Keyservers and GDPR
look at my.amazin.horse
Tue May 22 21:44:09 CEST 2018
(cross-posting on all the cool pgp lists)
so Dominik and I have been thinking a bit about how GDPR might affect
OpenKeychain, and its interoperability with public keyservers. Turns out this
is a hard question - in the end we couldn't answer whether publishing a tool
that offers keyserver interoperability really made us a "data controller"?
But let's start with keyservers first: "Processing" of data in the GDPR sense
includes storage and distribution. Names and email addresses are personally
identifiable information (PII). This makes the provider of a keyserver a data
processor in the sense of the GDPR.
Now, since the PII that is uploaded is not used to fulfill contractual
obligations, keyservers actually need informed consent from the user about what
is going to happen with that data. It's unclear how such consent might look
like given the API interface. But what's worse, in the current implementation
of SKS and the public keyserver pool, it is impossible by design to remove
a user's data once it is published. This conflicts with the "right to be
My personal conclusion is that keyservers that support user id packets are,
quite simply, incompatible with GDPR law. Has anyone else thought about this?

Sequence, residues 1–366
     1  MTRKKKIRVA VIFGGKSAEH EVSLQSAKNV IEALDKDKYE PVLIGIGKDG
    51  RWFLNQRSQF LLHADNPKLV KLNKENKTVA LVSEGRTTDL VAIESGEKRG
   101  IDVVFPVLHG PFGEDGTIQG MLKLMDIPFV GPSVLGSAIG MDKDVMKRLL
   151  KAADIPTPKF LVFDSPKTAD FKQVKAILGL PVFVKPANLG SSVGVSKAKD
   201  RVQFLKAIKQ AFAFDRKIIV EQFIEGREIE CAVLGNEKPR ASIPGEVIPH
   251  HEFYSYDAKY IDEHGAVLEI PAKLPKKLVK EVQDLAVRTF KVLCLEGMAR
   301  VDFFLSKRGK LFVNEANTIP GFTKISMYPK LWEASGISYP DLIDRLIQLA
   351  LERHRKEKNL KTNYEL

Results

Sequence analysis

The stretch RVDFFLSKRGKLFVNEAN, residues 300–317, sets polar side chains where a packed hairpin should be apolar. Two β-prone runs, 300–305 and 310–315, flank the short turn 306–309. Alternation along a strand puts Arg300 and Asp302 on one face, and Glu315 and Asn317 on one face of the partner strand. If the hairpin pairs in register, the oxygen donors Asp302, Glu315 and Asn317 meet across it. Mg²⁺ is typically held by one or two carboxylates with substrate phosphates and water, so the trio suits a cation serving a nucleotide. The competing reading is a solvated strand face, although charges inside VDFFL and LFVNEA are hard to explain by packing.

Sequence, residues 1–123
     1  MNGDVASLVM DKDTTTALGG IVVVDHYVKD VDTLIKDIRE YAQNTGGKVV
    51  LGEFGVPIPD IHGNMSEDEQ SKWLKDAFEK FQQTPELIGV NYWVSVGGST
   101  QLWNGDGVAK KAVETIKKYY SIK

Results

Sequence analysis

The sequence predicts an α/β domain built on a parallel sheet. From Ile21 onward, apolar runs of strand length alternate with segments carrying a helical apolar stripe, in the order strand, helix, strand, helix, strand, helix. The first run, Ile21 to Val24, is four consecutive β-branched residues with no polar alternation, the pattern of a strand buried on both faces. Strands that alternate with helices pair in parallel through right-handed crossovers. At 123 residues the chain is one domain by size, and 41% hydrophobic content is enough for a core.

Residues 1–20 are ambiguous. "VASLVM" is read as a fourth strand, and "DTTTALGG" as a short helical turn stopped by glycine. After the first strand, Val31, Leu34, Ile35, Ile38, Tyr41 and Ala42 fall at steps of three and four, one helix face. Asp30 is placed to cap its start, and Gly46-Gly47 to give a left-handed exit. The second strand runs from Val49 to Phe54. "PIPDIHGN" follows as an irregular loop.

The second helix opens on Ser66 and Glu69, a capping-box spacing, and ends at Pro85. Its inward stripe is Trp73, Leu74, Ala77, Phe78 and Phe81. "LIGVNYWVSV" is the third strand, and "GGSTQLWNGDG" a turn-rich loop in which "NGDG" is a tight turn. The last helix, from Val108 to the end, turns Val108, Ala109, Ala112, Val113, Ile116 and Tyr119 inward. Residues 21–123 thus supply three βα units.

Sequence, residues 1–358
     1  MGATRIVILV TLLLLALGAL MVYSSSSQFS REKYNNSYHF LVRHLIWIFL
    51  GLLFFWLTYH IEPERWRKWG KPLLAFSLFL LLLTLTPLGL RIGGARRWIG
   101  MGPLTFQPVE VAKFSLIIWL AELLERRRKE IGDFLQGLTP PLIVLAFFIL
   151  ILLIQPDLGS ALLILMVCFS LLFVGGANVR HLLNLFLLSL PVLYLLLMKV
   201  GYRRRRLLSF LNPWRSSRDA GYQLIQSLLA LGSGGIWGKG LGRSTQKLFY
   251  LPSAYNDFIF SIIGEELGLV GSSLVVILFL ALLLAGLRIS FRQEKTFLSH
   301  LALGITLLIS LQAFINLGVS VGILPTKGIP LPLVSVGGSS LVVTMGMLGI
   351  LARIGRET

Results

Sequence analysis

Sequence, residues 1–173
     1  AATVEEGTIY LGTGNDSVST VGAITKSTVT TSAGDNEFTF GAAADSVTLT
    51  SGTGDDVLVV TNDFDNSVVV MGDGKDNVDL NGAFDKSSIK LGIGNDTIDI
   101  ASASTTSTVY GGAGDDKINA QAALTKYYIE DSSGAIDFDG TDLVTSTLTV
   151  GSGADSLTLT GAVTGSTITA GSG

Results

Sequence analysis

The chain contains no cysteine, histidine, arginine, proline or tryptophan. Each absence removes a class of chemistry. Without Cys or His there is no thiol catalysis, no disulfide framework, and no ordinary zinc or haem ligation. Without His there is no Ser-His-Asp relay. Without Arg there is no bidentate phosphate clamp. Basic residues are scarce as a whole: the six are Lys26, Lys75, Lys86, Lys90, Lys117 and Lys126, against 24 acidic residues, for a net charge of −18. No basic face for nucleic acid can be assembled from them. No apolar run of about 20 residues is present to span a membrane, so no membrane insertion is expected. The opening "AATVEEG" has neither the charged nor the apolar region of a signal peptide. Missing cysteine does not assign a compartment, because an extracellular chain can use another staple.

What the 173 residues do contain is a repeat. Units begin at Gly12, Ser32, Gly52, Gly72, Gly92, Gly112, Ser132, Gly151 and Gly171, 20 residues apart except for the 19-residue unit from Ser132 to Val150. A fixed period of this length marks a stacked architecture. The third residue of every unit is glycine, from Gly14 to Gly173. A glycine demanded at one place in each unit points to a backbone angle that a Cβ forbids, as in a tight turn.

It's fairly unlikely that there will be actual consequences since keyservers
aren't widely used, but running a keyserver on this assumption is hardly
From the view of an app, the GDPR requires "privacy by design" and "privacy by
default". This conflicts with a workflow that asks the user for their email
address and name, and then irremovably uploads this information to a public
listing. On the other hand, it can be argued that this is a tool that only does
what the user asks it to do, the decision and responsibility lies with the user.
Looking at some extreme cases: a Browser surely doesn't take responsibility for
what the user inputs on websites. But a Twitter client does take responsibility
for informing the user when they publish their location in their tweets.
For OpenKeychain, we plan to move uploading of key material a bit farther out of
the way and do a better job at informing the user what's going to happen. But
that's a stopgap measure, since the user can't simply be asked to waive their
rights. Hopefully we can soon move away from keyservers for key discovery or
PS: randomly signing this message /o/
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